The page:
V = 0.5 × (length) × (width2)

To execute the implantation of the critically sized femur defect tumor model, 1 ml of the VX2 tumor cell mixture was injected into each porous titanium scaffold with or without the n-HA coating. Thirty-two experimental animals were placed in a prone position. The left hind leg was shaved from ankle to hip and swabbed alternately with chlorhexidine and alcohol, and the skin from hip to knee was incised. By blunt dissection of the interval of the quadriceps muscles, the femur was exposed. The periosteum was stripped carefully using a periosteal elevator to avoid injuring the lower extremity parietal pleura. A 15-mm-long defect at the femur midshaft was created using a fretsaw. Then, the porous titanium scaffolds, with or without the n-HA coating, were injected with the VX2 suspension and fixed into the created bone defect by a screwed steel plate. After the surgery, the wound was sewn up in layers. All rabbits were given penicillin and painkillers for 1 week after operation, and their body weights were recorded during the experiment.

Imaging examination

MRI was performed using 3.0T EXCITE system (GE Healthcare, USA). Tumor tissue was visualized using T2-weighted images [echo time (TE), 90 ms; repetition time (TR), 4000 ms; flip angle (FA), 180; field of view, 143 mm × 180 mm]. Rabbits were immobilized during the imaging procedure by injection of sodium pentobarbital (40 mg/kg body weight) through the ear venous. Micro-CT scans were acquired using a microCT 80 imaging system (SCANCO Medical AG, Bassersdorf, Switzerland) to evaluate bone repair in critical-sized rabbit femur defect with scaffold implantation. The harvested femur samples were placed in a custom-made holder to ensure that the long axis of the femur was oriented perpendicular to the axis of the x-ray beam. The resultant grayscale images had an isotropic voxel size of 78 μm from cone-beam reconstruction (70 kV, 114 μA). The obtained radiographic images were reconstructed and analyzed using SCANCO software.

Histological staining

For histological staining, the tumor, heart, liver, spleen, lung, and kidney were harvested immediately after the experimental animals were sacrificed and fixed in 4% formaldehyde. The specimens were embedded in paraffin and stained with H&E. The harvested osseoimplants and the surrounding tissues were also fixed in 4% paraformaldehyde and then embedded in poly(methyl methacrylate) after a series of gradient ethanol dehydration. Hard slices in the midsagittal plane through the center of the scaffold were obtained using a diamond saw (SP1600, Leica, Germany) and stained with 1% methylene blue (Sigma-Aldrich, USA) and 0.3% basic fuchsin (Sigma-Aldrich, USA) solutions.

Western blotting

The tumor tissues were harvested at week 4, frozen by liquid nitrogen, ground into powder, and lysed with radioimmunoprecipitation assay lysis buffer (Cowin Biosciences, Beijing, China) containing 1% protease and phosphatase inhibitor cocktails (Novagen, Darmstadt, Germany). Then, protein concentration of the lysates was measured using BCA protein assay kit (Pierce, IL, USA). An equal amount was loaded per lane onto 12.5% SDS–polyacrylamide gels and then transferred to polyvinylidene fluoride membranes. The membranes were then blocked in PBS with Tween 20 with 5% bovine serum albumin (BSA) and incubated with primary antibodies (diluted 1:300; Bioss, China) against Ki-67, p53, Cyt C, Bcl-2, Bax, VEGF, and glyceraldehyde phosphate dehydrogenase at 4°C overnight, and then incubated with horseradish peroxidase–conjugated secondary antibody (diluted 1:5000; Santa Cruz Biotechnology, USA) at 37°C for 1 hour. Protein bands were visualized using a ChemiDoc XRS+ image system with Image LabTM software (Bio-Rad, USA).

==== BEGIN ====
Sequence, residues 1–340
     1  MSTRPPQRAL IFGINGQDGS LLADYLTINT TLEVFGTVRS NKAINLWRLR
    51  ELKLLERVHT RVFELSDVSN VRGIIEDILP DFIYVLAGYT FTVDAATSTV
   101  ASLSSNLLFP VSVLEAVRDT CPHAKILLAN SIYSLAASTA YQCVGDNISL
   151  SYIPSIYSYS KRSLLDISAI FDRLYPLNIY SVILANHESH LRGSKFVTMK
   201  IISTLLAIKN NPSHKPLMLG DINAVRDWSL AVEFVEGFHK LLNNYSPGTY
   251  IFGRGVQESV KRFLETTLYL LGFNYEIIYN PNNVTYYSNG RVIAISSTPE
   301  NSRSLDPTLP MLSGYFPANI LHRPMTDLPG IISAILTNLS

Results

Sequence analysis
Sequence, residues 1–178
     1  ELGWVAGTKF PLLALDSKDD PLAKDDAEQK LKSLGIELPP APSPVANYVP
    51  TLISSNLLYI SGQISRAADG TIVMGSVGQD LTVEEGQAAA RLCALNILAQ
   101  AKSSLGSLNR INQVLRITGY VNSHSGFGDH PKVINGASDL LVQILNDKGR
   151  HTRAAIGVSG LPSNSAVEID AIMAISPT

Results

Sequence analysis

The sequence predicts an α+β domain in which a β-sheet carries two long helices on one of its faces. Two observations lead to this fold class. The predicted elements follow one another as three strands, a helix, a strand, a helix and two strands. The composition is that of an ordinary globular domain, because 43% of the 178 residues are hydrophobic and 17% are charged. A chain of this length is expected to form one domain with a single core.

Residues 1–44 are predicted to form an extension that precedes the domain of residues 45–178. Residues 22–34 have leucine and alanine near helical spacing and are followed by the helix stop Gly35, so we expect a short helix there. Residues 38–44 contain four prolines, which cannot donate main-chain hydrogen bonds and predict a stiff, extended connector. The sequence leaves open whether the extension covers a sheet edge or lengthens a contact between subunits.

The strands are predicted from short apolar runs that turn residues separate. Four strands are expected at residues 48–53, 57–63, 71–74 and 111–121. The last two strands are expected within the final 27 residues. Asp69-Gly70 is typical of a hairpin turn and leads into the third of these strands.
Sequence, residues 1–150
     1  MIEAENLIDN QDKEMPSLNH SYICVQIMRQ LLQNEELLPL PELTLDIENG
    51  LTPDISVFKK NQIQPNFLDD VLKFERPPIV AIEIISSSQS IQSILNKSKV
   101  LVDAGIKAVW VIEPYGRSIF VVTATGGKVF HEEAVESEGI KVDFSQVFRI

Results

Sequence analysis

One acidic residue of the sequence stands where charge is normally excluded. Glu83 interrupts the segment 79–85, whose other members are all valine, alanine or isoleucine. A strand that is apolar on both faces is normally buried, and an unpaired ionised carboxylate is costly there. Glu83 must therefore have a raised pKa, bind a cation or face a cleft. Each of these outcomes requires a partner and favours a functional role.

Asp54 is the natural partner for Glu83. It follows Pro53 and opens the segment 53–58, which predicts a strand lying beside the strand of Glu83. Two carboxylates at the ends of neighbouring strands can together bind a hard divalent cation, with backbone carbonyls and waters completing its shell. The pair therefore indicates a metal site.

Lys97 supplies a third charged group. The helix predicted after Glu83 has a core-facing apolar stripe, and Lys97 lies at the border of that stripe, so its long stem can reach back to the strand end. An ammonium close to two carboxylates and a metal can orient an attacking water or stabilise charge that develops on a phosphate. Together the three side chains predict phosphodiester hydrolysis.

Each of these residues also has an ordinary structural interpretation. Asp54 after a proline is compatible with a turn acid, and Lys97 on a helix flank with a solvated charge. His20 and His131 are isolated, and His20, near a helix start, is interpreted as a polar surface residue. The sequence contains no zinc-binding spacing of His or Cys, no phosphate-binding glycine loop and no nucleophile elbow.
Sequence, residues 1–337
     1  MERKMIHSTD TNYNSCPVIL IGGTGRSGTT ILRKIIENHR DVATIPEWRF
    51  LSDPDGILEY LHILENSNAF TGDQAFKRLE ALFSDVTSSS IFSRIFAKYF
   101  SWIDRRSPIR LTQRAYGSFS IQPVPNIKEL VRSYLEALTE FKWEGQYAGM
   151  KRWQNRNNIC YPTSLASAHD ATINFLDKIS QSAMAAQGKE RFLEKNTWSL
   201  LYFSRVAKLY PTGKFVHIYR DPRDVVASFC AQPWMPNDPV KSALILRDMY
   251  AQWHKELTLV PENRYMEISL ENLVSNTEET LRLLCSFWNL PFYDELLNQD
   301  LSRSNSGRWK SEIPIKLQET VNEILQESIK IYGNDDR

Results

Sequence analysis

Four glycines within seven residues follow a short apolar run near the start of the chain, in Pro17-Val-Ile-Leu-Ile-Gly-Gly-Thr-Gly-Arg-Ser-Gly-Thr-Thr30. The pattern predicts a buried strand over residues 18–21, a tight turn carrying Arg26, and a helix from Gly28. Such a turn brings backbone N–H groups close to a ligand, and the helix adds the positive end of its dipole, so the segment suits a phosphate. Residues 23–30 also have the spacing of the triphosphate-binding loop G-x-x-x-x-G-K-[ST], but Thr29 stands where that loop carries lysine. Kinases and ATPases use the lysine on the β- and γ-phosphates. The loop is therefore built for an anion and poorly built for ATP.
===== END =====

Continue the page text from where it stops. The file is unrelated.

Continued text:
Tissue ultrastructure morphology observation

The tumor tissues were cut into 1-mm3 pieces and fixed with 2.5% glutaraldehyde for 2 hours at 4°C. Then, after a series of standard procedures of dehydration and embedding, the embryos were sliced into ultraslices about 60 nm, stained with both uranyl acetate and lead citrate for 15 min to observe the cells and particles with TEM (Tecnai G2 20 TWIN, FEI). Meanwhile, SAED patterns were recorded.

Immunohistochemical staining

Tissue sections were deparaffinized with xylene and rehydrated through graded alcohols into water. Tissues were placed in EDTA (pH 9.0) solution in a microwave in a short period of time for antigen retrieval, before washing for three times in pH 7.4 PBS solution. The endogenous peroxidase was blocked with 3% H2O2 for 25 min and then washed three times in pH 7.4 PBS solution. Protein blockage was applied using albumin from BSA (Solarbio) for 30 min before incubation with primary antibody (α-SMA; 1:100 dilution) at 4°C overnight. Sections were then incubated for 50 min with secondary antibodies (Dako, Denmark) at room temperature. Diaminobenzidine chromogen (Dako) was used for color development followed by counterstaining with Harris hematoxylin. TUNEL staining was performed using cell death detection kit (Roche, Germany). Quantification data were performed by calculating the mean optical density value of positive-staining areas versus the whole areas in five randomly selected fields using Image-Pro Plus software (Media Cybernetics). Antibodies used are as follows: anti-rabbit Ki-67 (1:400; Bioss, China), anti-rabbit P53 (1:400; Bioss, China), anti-rabbit Cyt C (1:400; Bioss, China), anti-rabbit Bcl-2 (1:400; Bioss, China), anti-rabbit Bax (1:100; Proteintech, USA), anti-rabbit NOS2 (1:100, Santa Cruz Biotechnology, CA, USA), anti-rabbit Arginase 1 (1:100; Santa Cruz Biotechnology, CA, USA), anti-rabbit CD31 (1:100;Abcam, UK), and anti-rabbit α-SMA (1:100; Abcam, UK).